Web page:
such that
\begin{itemize}
\item the interior of $B$ is disjoint from $f(v)$ for every $v\in V(G)$,
\item $B$ touches the boxes $\{f(u):u\in K\}$ generically, and
\item there exists $i\in\{1,\ldots,d\}$ such that $B[i]\subseteq f(u)[i]$ for every $u\in K$.
\item for each $uv\in E(G)$, there exists $x\in V(T)$ such that $u,v\in\beta(x)$, and
\item for each $v\in V(G)$, the set $\{x\in V(T):v\in\beta(x)\}$ is non-empty and induces a connected subtree of $T$.
\end{itemize}
The representation is \emph{exposed} if all cliques are exposed.
\begin{lemma}\label{lemma-expose}
Every graph $G$ has an exposed comparable box representation in $\mathbb{R}^{\chi(G)}$.
For each vertex $v\in V(G)$, let $p(v)$ be the node $x\in V(T)$ such that $v\in \beta(x)$ nearest to the root of $T$.
The \emph{adhesion} of the tree decomposition is the maximum of $|\beta(x)\cap\beta(y)|$ over distinct $x,y\in V(T)$,
and its \emph{width} is the maximum of the sizes of the bags minus $1$. The \emph{treewidth} of a graph is the minimum
of the widths of its tree decompositions. We will need to know that graphs of bounded treewidth have bounded dimension.
In fact, we will prove the following stronger fact (TODO: Was this published somehere before?)
\begin{lemma}\label{lemma-tw}
Let $(T,\beta)$ be a tree decomposition of a graph $G$ of width $t$.
Then $G$ has a touching representation $h$ by hypercubes in $R^{t+1}$ such that
for $u,v\in V(G)$, if $p(u)\neq p(v)$ and $p(u)$ is an ancestor of $p(v)$ in $T$,
then $\vol(h(u))>\vol(h(v))$.
\end{lemma}
\begin{proof}
...
\end{proof}
Note that the chromatic number of $G$ is at most exponential in the comparable box dimension;
this follows from~\cite{subconvex} and we include the argument to make the dependence clear.
\begin{lemma}\label{lemma-chrom}
If $G$ has a comparable box representation $f$ in $\mathbb{R}^d$, then $G$ is $3^d$-colorable.
Next, let us deal with clique-sums. A \emph{clique-sum} of two graphs $G_1$ and $G_2$ is obtained from their disjoint union
by identifying vertices of a clique in $G_1$ and a clique of the same size in $G_2$ and possibly
deleting some of the edges of the resulting clique. The main issue to overcome in obtaining a representation for a clique-sum
is that the representations of $G_1$ and $G_2$ can be ``degenerate''. Consider e.g. the case that $G_1$ is represented
by unit squares arrangef in a grid; in this case, there is no space to attach $G_2$ at the cliques formed by four squares intersecting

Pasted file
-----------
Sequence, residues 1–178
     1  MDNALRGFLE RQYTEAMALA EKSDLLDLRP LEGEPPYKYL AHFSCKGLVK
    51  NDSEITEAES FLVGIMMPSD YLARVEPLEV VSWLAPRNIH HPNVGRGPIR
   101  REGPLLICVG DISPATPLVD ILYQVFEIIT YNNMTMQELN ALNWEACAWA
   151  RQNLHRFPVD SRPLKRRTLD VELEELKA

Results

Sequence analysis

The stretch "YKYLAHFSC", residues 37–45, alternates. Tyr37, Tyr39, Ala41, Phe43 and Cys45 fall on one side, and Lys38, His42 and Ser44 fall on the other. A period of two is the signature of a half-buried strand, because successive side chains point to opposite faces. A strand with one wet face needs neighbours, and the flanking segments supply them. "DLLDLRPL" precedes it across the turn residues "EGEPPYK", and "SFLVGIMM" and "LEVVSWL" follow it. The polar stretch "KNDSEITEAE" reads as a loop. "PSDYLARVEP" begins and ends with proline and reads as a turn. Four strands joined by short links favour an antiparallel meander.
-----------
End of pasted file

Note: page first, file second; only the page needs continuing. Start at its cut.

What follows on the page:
in a single corner. This can be avoided by increasing the dimension, but we need to be careful so that the dimension stays bounded
even after arbitrary number of clique-sums.
It will be convenient to work in the setting of tree decompositions.
Consider a tree decompostion $(T,\beta)$ of a graphs $G$.
For each $x\in V(T)$, the \emph{torso} $G_x$ of $x$ is the graph obtained from $G[\beta(x)]$ by adding a clique on $\beta(x)\cap\beta(y)$
for each $y\in V(T)$. For a class of graphs $\GG$, we say that the tree decomposition is \emph{over $\GG$} if all the torsos belong to $\GG$.
We use the following well-known fact.
\begin{observation}
A graph $G$ is obtained from graphs in a class $\GG$ by repeated clique-sums if and only if $G$ has a tree decomposition over $\GG$.
\end{observation}
For each note $x\in V(T)$, let $\pi(x)=\{x\}\cup \{p(v):v\in\beta(x)\}$. Let $T_\beta$ be the graph with vertex set $V(T)$ such that
$xy\in E(T_\beta)$ if and only if $x\in\pi(y)$ or $y\in\pi(x)$.
\begin{lemma}\label{lemma-legraf}
If $(T,\beta)$ is a tree decompositon of $G$ of adhesion $a$, then $(T,\pi)$ is a tree decomposition of $T_\beta$ of width at most $a$.
\end{lemma}
\begin{proof}
We actually show that $G$ is $(3^d-1)$-degenerate. Since every induced subgraph of $G$ also
has a comparable box representation in $\mathbb{R}^d$, it suffices to show that the minimum degree of $G$
is less than $3^d$. Let $v$ be a vertex of $G$ such that $f(v)$ has the smallest volume. For every neighbor $u$ of $v$,
there exists a translation $B_u$ of $f(v)$ such that $B_u\subseteq f(u)$ and $B_u$ touches $f(v)$.
Note that $f(v)\cup \bigcup_{u\in N(v)} B_u$ is a union of internally disjoint translations of $f(v)$ contained in